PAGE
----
Tuesday, 6 December 2011

Queen of England's pay frozen until 2015

Queen of England's pay frozen until 2015

Queen of England’s pay frozen until 2015, queen elizabeth ii lineage, Elizabeth Alexandra Mary Windsor, queen elizabeth ii 59-year reign – Queen of England’s pay will stay frozen until 2015 due to economic downturn. In a measure to balance England’s budget, the queen, Britain’s second-longest-ruling monarch, will bring in the same amount of annual funding until 2015. While she won’t exactly be stocking up on Ramen noodles, the Queen of England will have a little less in her purse for the next few years.

Queen Elizabeth II faces a freeze on her income through at least 2015 thanks to funding cuts for the royal household resulting from a recently passed law. Her income has already dropped in real terms since 2009 as she has joined the millions of others affected by the economic downturn.

The funding for the royal family has traditionally come from the civil list, a public fund controlled by the British Parliament. However, a law passed six weeks ago will replace the civil list with a single fund, the sovereign grant, in April 2013.

The sovereign grant will be 15 percent of the surplus money generated by the Crown Estate. The Crown Estate is a “diverse property business valued at more than 7 billion,’’ according to its website. It owns properties that include Regent Street and Great Windsor Park as well as “almost all of the seabed around the UK.’’ The Queen’s income will depend on how well the Crown Estate portfolio performs in a given year.

The austerity measures most likely mean that repairs to the royal palace will be delayed and that there may be fewer public appearances by the royal family, whose travel expenses had previously been taxpayer-funded.

With no extra tax funds to pay for the court of the Duke and Duchess of Cambridge, Will and Kate’s staff will be subsidized by the Prince of Wales, according to a report in The Sunday Times. The Prince of Wales’ income derives from the Duchy of Cornwall, which also is responsible for financially supporting Prince Harry and any future wife and children. The Duchy of Cornwall reportedly made 17.8 million last year, and although it will be paying for Will and Kate’s staff, structural repairs to Kensington Palace will still be taxpayer-funded.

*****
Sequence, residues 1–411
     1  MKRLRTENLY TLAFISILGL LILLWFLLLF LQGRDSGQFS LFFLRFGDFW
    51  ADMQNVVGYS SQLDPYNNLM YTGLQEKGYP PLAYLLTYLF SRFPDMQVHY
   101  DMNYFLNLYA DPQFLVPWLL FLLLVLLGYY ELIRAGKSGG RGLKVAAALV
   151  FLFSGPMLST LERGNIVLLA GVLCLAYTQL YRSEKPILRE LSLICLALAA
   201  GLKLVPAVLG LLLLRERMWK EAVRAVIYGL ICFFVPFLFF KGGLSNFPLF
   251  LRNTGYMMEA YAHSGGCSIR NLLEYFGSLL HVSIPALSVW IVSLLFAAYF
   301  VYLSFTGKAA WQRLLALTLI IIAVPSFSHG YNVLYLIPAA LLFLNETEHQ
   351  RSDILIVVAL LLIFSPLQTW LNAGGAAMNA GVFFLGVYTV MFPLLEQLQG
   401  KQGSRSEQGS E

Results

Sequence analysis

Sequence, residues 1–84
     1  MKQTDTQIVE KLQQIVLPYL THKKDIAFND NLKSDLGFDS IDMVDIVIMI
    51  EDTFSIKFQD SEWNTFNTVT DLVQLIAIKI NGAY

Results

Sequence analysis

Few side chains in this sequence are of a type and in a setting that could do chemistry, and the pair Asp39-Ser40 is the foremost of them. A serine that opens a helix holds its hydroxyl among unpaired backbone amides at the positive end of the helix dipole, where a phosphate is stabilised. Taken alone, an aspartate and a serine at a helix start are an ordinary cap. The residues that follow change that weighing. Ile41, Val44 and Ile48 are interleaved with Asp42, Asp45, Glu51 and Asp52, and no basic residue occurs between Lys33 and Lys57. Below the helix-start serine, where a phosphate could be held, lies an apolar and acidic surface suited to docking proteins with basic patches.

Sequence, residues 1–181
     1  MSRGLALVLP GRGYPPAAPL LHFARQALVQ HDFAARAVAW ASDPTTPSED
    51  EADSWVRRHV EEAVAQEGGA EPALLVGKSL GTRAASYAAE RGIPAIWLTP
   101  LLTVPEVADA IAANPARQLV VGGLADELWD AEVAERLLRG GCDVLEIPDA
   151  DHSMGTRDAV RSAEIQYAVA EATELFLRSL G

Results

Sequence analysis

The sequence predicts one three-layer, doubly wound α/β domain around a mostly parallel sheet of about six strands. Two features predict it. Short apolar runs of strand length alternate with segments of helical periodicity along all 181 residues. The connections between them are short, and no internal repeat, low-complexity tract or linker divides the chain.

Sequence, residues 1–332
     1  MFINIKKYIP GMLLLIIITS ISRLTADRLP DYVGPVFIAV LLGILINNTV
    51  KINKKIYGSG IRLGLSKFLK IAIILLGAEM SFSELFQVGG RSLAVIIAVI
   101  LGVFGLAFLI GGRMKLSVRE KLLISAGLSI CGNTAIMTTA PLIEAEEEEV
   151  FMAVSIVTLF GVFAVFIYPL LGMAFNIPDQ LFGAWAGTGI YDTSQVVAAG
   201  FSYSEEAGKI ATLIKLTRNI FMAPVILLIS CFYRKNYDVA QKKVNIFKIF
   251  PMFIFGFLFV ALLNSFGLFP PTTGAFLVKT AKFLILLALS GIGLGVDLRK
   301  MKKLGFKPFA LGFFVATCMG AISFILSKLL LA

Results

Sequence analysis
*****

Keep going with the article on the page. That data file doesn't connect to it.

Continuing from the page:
According to the Sunday Times, the document related to the passing of the Sovereign Grant Bill reads,

“The grant levels envisaged in the early years of the new system are, in real terms, below what the Royal Household spent in every one of the last 20 years.’’

That most likely means a paycut for the Queen at least through April 2015. In 2010-11, the royal household had an income of 32.1 million, a far cry from the 77.3 million in taxpayer funding that the Queen once enjoyed back in 1991-92.

Last summer, the keeper of the privy purse, Sir Alan Reid, indicated that if the funding for the royal household fell any further that it would most likely impact “the support of the Queen and the long-term health of the estate,’’ according to a report in The Telegraph.

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